There is nothing like ghar ka khana (home-cooked food). The aroma of freshly cooked food has been the first sign that you are drawing close to home ever since childhood. Be it running home from school with bruised knees, dawdling home as teenagers or hurrying home after a tiring day at work, the food always felt the same – like home.
Eventually, over the years, people have found themselves moving away from home. Some due to circumstances, and others by choice. Food has always been the least of their worries because even if the natives were not accepting of them completely, their cuisines were not only accepted but loved and appreciated by all.
Now, there is Chinese cuisine in Goa and Goan in Mangalore. But, the void that ghar ka khana left is still felt deeply by many who are away from home.
And, two people who have acknowledged this void are celebrated Kashmiri Pandit chefs, Chef Rahul Wali and Chef Sunil Mattoo, who recently showcased a delectable spread of home-cooked Kashmiri Pandit cuisine, titled, 'Poushvaer - A culinary journey from Kashmir to Goa', straight out of the kitchen of Hilton Goa Resort in Saipem, Candolim.
What initially started as a weekend menu from Chef Rahul’s kitchen at home, soon started growing as he began approaching hotels. Ever since the beginning, the goal was always about putting Kashmiri Pandit cuisine on the Indian map.
"The passion for food and our Kashmiri roots prompted us to promote Kashmiri Pandit cuisine, which many people are not aware of in this part of the world", says Chef Sunil.
“When people think of Kashmiri food, they think of only the Wazwan cuisine. Nobody speaks about the Kashmiri Pandit cuisine, which is actually the original cuisine of Kashmir,” began Chef Rahul.
Every journey has a story to tell. And, when asked about their journey till today, Chef Rahul jokes, “You want the long story or the short one?” The Kashmiri Pandit cuisine dates back to 326 BC, he claims.
He explains, “Being a Kashmiri Pandit myself, I have grown up eating this kind of food. The only difference is that we never sold our food like the Wazwan cuisine. Our food was always in the closed walls of our homes.”
People would begin their meals with a small cup of aromatic Kashmiri tea known as Kahwa. The scent of cinnamon and cloves filled the air as Chef Sunil laughs, “Local brandy!” he teases.
When it comes to the thalis, both the vegetarian (Mahariyn thali) and the non-vegetarian (Maharaaz thali) are very simple and nutritious meals. There is no fancy plating but still something that makes you want to dig right in.
With buzith gaad (roasted fish), kokur yakhni (chicken with yogurt), muton rogan josh, gaad nadur (fish with lotus stem) and kong phirni (saffron semolina phirni) being some of the items arranged on the plate, another interesting thing to note is that the food of Kashmiri Pandits is cooked with a handful of spices and without the use of onion, garlic or tomatoes.
“If you have noticed, there are very limited ingredients that have been used to prepare this meal. There is nothing fancy about it, not even a garnish. It’s like a home-cooked meal, and nobody garnishes their food when they eat at home. The food is cooked, plated and eaten – as it should be. If it were up to me, I would dig in the traditional way – with bare hands!” explains Chef Rahul.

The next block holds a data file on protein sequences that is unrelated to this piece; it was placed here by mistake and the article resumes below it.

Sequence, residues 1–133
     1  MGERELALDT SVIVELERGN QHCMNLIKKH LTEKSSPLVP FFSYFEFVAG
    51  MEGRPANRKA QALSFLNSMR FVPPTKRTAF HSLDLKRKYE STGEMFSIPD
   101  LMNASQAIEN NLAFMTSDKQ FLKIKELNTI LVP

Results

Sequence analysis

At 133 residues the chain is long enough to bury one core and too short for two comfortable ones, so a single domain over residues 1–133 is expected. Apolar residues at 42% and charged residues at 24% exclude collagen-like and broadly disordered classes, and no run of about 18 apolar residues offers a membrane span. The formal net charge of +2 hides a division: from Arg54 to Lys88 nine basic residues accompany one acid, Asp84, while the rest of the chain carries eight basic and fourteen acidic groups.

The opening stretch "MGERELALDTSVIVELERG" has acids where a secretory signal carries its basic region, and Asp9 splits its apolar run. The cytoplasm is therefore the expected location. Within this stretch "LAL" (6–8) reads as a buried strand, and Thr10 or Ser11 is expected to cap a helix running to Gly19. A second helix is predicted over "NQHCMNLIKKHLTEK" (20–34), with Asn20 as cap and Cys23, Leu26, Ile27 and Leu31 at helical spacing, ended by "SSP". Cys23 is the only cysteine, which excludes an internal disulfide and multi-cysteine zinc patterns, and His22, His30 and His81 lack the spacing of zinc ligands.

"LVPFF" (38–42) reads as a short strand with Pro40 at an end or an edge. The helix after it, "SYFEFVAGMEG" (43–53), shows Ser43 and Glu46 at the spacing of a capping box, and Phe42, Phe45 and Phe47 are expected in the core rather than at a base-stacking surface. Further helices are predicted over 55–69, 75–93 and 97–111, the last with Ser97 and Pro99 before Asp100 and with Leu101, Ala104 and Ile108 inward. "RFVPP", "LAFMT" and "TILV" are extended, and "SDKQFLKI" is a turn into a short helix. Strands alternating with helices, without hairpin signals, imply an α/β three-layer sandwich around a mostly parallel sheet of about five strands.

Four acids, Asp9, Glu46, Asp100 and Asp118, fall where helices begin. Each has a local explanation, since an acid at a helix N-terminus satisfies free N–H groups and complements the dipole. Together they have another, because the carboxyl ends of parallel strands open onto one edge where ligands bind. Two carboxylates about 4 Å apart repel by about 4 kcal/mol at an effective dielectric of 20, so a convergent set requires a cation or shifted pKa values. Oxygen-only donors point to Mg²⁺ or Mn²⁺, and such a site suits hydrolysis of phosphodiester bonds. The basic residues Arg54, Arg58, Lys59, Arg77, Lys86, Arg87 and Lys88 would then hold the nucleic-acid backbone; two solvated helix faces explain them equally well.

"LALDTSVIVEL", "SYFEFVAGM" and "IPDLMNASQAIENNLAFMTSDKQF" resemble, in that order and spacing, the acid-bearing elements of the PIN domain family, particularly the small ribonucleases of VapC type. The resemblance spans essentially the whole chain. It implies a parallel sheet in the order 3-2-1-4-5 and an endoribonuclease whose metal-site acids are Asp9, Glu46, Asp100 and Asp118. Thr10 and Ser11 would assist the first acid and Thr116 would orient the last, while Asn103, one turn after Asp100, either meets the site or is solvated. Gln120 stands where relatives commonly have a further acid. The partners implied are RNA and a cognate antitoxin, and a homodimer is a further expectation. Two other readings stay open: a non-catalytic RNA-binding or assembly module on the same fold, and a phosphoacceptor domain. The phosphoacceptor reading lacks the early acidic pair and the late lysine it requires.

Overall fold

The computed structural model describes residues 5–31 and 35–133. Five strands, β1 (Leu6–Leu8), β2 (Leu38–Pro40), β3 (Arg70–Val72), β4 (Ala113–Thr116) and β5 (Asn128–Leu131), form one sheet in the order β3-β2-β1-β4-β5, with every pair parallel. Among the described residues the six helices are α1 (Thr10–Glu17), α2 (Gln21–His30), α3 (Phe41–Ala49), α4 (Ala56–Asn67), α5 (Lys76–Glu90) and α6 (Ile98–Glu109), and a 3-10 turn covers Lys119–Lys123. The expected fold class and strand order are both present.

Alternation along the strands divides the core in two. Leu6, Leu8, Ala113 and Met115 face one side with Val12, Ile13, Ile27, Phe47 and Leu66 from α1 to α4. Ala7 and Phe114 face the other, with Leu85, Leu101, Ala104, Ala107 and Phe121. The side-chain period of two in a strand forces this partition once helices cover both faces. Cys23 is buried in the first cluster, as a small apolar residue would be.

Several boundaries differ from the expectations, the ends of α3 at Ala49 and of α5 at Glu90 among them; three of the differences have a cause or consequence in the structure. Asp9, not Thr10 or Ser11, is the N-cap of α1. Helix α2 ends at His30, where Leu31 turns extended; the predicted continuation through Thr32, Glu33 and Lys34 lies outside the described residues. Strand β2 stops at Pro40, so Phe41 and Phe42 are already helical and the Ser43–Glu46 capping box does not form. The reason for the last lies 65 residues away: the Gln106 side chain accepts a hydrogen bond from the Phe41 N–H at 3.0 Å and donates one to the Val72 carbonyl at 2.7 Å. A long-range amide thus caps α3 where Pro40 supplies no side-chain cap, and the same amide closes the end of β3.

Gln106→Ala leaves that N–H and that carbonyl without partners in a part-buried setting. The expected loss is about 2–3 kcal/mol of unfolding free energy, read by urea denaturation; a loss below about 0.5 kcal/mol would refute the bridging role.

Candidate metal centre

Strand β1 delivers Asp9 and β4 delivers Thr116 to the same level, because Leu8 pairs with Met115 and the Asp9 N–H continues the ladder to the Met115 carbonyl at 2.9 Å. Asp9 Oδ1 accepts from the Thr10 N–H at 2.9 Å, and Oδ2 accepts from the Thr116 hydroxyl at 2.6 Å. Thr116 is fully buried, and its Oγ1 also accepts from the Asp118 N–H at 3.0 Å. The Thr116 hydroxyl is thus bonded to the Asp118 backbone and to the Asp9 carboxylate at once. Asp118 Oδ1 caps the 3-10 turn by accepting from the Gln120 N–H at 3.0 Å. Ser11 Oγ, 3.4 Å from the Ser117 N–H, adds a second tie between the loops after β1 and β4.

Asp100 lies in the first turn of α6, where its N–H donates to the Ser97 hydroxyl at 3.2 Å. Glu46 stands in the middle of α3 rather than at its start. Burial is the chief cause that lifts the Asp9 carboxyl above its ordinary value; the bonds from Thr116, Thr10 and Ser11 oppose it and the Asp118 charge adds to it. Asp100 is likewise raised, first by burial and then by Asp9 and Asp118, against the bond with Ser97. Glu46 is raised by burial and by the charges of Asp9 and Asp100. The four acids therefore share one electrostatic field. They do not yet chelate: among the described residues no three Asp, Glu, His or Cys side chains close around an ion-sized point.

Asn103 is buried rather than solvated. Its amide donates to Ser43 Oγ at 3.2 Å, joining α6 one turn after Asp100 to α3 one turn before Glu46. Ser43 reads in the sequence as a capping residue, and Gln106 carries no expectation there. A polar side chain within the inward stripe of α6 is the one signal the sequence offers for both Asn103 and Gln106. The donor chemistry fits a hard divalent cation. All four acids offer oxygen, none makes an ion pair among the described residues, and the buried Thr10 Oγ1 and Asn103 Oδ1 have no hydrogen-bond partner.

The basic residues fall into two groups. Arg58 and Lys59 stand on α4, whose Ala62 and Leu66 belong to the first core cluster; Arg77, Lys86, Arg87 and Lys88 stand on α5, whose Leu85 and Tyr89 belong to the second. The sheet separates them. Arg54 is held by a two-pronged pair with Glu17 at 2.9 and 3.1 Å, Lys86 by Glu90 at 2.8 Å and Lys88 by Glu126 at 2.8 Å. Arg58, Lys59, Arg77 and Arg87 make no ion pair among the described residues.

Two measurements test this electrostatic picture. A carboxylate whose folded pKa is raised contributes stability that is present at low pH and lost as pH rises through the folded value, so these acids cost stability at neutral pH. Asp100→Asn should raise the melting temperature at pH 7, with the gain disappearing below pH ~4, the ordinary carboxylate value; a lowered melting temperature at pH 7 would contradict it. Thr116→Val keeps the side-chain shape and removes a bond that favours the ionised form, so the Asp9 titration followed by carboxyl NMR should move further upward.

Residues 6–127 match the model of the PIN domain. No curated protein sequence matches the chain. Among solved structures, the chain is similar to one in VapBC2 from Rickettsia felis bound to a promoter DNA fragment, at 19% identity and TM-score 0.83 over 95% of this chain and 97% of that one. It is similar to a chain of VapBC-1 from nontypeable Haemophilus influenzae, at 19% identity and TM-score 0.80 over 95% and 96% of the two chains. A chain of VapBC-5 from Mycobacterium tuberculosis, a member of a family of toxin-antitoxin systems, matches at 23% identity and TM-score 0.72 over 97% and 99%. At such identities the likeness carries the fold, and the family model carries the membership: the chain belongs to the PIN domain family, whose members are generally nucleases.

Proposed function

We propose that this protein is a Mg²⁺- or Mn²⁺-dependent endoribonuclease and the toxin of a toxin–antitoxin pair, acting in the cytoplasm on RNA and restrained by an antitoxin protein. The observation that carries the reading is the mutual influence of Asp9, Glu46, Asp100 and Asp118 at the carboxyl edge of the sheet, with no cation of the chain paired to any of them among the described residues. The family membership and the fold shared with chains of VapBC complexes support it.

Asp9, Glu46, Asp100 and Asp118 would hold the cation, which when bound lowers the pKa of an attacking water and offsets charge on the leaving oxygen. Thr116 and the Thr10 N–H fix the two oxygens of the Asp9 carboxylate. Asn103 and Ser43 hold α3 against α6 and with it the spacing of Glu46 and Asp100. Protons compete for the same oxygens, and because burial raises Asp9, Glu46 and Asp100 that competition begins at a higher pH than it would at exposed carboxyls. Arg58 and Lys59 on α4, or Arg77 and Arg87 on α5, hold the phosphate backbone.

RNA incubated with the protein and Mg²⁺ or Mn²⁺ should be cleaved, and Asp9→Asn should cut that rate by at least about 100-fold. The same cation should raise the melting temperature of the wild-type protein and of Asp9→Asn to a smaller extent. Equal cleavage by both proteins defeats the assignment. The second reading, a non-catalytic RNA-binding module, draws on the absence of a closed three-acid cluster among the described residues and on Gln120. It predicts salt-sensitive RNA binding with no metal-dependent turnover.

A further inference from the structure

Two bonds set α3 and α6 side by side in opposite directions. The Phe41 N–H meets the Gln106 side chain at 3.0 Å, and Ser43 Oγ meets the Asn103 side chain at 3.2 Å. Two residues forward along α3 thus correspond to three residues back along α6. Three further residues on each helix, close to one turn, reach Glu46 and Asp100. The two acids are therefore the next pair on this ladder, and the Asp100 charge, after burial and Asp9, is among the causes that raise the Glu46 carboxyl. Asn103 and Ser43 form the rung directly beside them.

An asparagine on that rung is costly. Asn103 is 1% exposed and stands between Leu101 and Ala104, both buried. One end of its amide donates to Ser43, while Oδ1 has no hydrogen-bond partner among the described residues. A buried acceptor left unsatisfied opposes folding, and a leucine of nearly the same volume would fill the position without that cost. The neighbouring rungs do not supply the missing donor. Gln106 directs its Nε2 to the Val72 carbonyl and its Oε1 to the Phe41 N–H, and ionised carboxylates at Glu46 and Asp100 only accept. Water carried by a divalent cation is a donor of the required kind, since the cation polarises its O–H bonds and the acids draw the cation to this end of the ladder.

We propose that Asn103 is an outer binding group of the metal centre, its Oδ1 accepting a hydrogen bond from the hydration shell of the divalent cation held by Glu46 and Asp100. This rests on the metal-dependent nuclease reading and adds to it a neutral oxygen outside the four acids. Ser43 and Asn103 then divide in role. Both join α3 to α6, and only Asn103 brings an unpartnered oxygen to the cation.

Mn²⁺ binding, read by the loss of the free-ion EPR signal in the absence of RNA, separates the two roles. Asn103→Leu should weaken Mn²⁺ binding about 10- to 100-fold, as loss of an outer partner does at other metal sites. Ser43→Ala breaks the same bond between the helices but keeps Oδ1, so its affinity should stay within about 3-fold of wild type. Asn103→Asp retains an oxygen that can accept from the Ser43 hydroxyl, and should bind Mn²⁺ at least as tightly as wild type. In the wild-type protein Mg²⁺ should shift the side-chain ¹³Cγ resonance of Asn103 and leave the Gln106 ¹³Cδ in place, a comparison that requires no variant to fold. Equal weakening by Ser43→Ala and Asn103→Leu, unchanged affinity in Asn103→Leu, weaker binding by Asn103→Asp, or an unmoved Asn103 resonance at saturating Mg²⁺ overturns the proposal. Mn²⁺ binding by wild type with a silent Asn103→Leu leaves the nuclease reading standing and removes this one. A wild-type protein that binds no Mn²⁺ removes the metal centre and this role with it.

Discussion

Many people ask, “Why do you eat non-vegetarian even though you are a Pandit?”
“There is a story behind that as well. Although there is no way to prove the authenticity of this story, it is a traditional practice that I’ve heard about and see in homes,” he says as he shares an interesting story from his native place in Kashmir.
The story begins with the Shaivites (followers of Shiva). All their food, especially the Pandits’ food, has a lot to do with Shivratri and other sub-regional festivals.
“We have a festival for fish at the peak of winter, a festival for mutton liver, a festival for mutton khichdi and another one where other parts such as the intestines and other parts of the body are cooked at a marriage ceremony. As for the bones, they were probably fed to wild animals or used as stock and consumed. And, the same system applied to vegetarians,” says Chef Rahul.
Truth be told, most of these festivals were created to minimise the wastage of food. “Apart from this, there were three processes for preserving food. It was either sundried, pickled or fried and preserved,” he continues.
With Srinagar being a winter place with snowfall that is almost 5 to 6 feet deep, the question of going to the market often did not arise. There was no vegetation for three to four months, and the only option was to buy food, fry it, preserve it and store it in large baskets, especially in joint families.
People would purchase a whole lamb or maybe fish and store it in baskets. The need for refrigeration did not arise as it is naturally cold.
Looking back, sustainability was always the goal, and that is something that we need to bring back today, he says.
"As for the Kashmiri Pandit cuisine, I would say we’ve just touched 2 per cent of people, and there’s still 98 per cent left. Today, the irony is that in the 80s people used to go out to eat Western food like pasta and pizza. Now pasta and pizza come home, and people go out to eat regional food,” rues the chef.
Today, chefs Rahul and Sunil share not only their cuisine with the world, but have also shed light on all that has been forgotten in this fast-paced life.
And, as for the Kashmiri Pandit cuisine, it is more than just a meal, when people like chefs Rahul and Sunil are the ones sharing it.
If you pay close attention, listening to their culinary tales is like taking a mental trip to the mountains of breathtaking Kashmir of 326 BC, into a house where a meal is being cooked while the kesar is being generously sprinkled on rice, and smell of delicious Kawa fills the air.
WHERE: Hilton Goa Resort in Saipem, Candolim.
CONTACT: +91 9607975963 or @hiltongoaresort on Instagram